• Determine Who Will Be Impacted Identify all current salaried, exempt employees who make less than $47,476 per year. The $47,476 minimum can include no more than 10% from nondiscretionary bonuses, incentive payments, and commissions that are paid at least quarterly. If you have employees who are not paid the same salary amount throughout the year, identify any who make less than $913 per week. Identify any employees who are currently making less than $134,004 and do NOT meet the full criteria for executive, administrative, professional, outside sales, or computer-related exemptions. (See DOL Highly-Compensated Workers Exemption Fact Sheet.) Also review the duties of all employees currently classified as exempt, regardless of income, to ensure they meet the “duties tests” of exemption eligibility. While the duties tests for exemption eligibility did not change, now is a good time to reclassify exempt employees whose duties have changed or who have been misclassified. (See DOL Exemption Fact Sheet.)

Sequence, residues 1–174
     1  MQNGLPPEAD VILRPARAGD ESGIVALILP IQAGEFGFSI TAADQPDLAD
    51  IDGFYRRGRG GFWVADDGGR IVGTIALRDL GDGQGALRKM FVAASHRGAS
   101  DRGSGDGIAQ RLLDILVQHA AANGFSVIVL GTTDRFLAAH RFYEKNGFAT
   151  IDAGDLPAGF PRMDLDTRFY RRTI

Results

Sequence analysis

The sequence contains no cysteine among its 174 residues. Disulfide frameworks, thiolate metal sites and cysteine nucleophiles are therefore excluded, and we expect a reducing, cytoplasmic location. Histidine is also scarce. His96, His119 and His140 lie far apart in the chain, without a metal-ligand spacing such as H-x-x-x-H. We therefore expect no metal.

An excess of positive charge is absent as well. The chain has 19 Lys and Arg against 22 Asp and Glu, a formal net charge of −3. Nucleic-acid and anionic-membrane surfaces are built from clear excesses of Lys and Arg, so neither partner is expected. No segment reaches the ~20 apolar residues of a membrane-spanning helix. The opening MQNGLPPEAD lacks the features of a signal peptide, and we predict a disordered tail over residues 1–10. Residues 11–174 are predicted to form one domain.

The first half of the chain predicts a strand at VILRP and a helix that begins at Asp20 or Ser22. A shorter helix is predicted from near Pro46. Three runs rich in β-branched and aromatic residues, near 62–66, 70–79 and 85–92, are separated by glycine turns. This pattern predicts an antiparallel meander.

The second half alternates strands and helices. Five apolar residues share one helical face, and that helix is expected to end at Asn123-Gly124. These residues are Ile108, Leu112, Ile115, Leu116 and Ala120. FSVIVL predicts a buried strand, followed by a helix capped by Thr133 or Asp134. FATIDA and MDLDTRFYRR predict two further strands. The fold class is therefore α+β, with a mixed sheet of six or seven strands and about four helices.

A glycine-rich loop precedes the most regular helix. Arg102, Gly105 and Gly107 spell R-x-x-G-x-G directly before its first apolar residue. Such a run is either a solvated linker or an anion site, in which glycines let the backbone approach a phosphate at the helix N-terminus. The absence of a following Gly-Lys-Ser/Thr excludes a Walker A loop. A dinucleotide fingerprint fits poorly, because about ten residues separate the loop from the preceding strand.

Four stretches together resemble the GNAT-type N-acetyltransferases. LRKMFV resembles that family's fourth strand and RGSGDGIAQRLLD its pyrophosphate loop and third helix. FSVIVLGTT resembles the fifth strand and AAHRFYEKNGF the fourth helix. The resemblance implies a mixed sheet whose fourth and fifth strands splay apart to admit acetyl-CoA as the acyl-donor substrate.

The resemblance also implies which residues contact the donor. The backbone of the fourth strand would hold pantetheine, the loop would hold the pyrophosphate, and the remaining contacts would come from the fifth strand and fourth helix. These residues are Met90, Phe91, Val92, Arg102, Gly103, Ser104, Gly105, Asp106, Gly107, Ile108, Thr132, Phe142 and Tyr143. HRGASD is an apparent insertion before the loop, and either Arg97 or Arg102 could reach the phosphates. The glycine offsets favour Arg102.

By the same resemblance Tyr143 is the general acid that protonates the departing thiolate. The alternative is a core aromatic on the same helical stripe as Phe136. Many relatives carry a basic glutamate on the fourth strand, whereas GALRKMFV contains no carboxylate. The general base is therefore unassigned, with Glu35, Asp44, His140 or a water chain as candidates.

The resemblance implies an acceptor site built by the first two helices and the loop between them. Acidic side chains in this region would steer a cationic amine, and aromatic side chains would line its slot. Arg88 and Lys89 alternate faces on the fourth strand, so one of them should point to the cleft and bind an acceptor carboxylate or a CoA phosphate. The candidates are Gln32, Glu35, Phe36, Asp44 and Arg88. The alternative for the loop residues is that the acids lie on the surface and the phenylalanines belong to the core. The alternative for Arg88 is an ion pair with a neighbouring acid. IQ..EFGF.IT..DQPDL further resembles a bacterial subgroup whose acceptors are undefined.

• Consider Options for Impacted Employees Raise income to meet new levels — You may choose to raise an employee’s income to retain the exempt status, as long as they also meet the duties tests. This option is best for employees who have salaries close to the new salary level and who regularly work overtime. The salary minimum may include up to 10% in the form of non-discretionary payments. For example, employees earning a base pay of $42,728.40 plus at least 10% in commissions or bonuses paid on at least a quarterly basis may qualify for exemption status under the new limits. If the non-discretionary payment in a given quarter does not add up to the required minimum, the employee must be paid overtime pay for any overtime hours worked throughout that quarter or receive a “catch-up” payment at the end of the quarter to make up the difference. Salaried non-exempt — You may choose to pay impacted employees as salaried, non-exempt. Employees would continue to earn an established salary, but be paid overtime pay for any hours worked over 40 in a week. This option is ideal for employees who work 40 hours or fewer in a typical workweek and rarely work overtime. Reclassify as hourly non-exempt — You may choose to re-classify employees below the salary limit to hourly non-exempt. Their converted rate of pay could be a division of their salary rate by 2,080 hours, or it could be lower to accommodate for overtime anticipated to be paid. Estimate average overtime to be earned and determine whether to reduce base pay to compensate for overtime to be paid. Determine whether you can limit or eliminate overtime hours. Evaluate workload, to determine whether some tasks can be re-assigned or eliminated to limit overtime. Determine whether hiring part-time employees to manage workload and limit overtime would be beneficial. Consider whether reclassifying employees as non-exempt might affect eligibility for certain employee benefits, such as paid time off accrual, holiday pay, etc. Also consider how reclassification may impact morale.